Monthly Archives: August 2012

Top Ten Myths in Illinois Divorce Cases [Myth #7]

Myth: If I have no income, I can’t be ordered to pay child support or maintenance.

Not true. Illinois courts, as do most states courts, will go out of their way to protect children in connection with child support payments. If a party does not have employment, the court can take assets from that person, set them aside in what’s known as a section 503-g trust, and utilize the proceeds from that trust for child support. Courts will routinely require an unemployed spouse to keep a job diary, so the fact that someone may be between jobs doesn’t mean they don’t have an obligation to look for and obtain paid employment. In some cases, parties are underemployed; somebody who has demonstrated an ability to earn three or four hundred thousand a year will be required to pay child support at that level, and will not be allowed to pay child support based on an income of fifty or seventy-five thousand unless the lower paying job is a good faith employment. So courts will impute income to somebody who is not working and earning a traditional and reasonable level.

Top Ten Myths in Illinois Divorce Cases [Myth #6]

Myth: If I have shared or joint legal custody, and a shared visitation schedule, I won’t have to pay any child support.

Not true. Courts are loathe to not award child support. They will look at the parenting schedule but they will also pay very close attention to the financial resources of the parties and more often than not will award the less financially well-to-do parent child support, provided that parent has at least fifty percent of the parenting time or more.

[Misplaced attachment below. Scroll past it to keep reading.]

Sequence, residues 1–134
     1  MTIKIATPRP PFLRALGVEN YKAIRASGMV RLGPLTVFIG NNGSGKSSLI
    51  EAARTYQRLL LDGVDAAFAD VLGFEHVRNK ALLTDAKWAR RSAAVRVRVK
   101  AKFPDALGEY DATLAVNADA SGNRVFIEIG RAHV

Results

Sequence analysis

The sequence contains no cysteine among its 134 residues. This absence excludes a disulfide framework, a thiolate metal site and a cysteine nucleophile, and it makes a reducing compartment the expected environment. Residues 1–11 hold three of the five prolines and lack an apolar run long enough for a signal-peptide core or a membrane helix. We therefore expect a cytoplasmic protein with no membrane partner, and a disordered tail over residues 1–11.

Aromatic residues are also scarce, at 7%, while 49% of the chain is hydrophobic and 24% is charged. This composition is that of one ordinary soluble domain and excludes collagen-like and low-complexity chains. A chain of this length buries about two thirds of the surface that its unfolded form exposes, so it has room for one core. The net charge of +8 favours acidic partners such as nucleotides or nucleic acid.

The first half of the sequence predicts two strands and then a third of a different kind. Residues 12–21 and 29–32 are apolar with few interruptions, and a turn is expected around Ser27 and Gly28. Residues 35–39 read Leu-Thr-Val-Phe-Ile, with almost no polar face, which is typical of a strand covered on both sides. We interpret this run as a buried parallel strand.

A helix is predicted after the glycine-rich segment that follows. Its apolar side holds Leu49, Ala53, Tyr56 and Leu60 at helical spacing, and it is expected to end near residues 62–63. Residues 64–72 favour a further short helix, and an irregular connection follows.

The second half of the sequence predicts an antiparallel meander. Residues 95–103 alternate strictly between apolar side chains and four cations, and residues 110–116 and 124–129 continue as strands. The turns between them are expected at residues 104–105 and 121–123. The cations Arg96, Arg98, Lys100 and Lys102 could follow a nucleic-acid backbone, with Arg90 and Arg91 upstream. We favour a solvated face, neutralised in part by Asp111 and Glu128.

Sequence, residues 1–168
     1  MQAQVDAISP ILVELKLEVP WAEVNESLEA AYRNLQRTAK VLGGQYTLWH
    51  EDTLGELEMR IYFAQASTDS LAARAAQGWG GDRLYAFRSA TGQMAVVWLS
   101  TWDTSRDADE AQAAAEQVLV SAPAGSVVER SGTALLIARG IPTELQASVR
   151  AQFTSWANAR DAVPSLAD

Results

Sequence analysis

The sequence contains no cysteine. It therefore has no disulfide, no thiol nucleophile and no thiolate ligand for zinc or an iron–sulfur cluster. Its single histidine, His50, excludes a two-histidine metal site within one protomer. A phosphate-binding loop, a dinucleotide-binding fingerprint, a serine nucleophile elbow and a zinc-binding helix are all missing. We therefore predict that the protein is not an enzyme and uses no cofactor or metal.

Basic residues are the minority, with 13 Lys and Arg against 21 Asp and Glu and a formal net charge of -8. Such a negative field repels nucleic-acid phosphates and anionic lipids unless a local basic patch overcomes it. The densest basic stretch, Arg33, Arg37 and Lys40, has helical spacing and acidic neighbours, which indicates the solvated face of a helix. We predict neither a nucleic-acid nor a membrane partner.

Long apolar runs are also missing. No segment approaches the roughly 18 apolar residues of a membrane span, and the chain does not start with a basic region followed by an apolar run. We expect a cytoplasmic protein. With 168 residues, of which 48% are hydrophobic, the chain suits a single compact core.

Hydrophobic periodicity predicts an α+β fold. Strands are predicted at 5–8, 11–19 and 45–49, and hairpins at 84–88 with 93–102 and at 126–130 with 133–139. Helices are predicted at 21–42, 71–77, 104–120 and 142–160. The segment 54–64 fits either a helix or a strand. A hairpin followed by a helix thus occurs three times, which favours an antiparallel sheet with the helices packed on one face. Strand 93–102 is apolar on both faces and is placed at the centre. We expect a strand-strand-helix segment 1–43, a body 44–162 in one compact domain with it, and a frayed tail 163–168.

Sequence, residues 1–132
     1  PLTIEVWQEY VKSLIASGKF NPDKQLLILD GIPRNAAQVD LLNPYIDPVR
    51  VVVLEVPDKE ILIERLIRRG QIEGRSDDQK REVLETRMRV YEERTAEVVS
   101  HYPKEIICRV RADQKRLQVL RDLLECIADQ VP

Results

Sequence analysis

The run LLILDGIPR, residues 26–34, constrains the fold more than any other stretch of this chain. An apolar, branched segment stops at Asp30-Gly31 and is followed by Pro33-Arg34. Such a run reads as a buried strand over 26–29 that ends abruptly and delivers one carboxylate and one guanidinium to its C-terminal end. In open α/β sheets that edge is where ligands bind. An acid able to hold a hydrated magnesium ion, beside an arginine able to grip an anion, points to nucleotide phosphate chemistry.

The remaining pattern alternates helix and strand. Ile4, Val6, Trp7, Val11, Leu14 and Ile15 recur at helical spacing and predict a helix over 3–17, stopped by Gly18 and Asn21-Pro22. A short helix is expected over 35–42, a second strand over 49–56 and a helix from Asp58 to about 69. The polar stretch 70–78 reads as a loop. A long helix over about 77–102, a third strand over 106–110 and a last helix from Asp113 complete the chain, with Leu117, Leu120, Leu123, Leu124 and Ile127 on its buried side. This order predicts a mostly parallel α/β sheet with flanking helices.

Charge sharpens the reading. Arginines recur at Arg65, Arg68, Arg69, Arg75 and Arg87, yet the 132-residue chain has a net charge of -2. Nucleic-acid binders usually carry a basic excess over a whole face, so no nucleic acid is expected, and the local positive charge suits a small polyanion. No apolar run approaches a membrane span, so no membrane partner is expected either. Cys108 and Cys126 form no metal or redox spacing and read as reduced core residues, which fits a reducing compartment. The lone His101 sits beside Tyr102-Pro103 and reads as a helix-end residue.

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Top Ten Myths in Illinois Divorce Cases [Myth #5]

Myth: Joint legal custody means that the children spend half of their time with Mom, and half of their time with Dad.

That is not true. Joint legal custody is a legal term that means major decisions concerning education, medical care, and religious upbringing are made jointly by the parents.  Joint custody has nothing to do with where the children live. The parent with whom the children primarily live is known as the primary residential parent; the other parent has time with the children according to a parenting schedule.  Under a joint legal custody arrangement, the children could live with each party equally, but more often than not they live with a primary residential parent and then spend specific time with the other parent, typically alternating weekends, shared holidays, and some week day visits.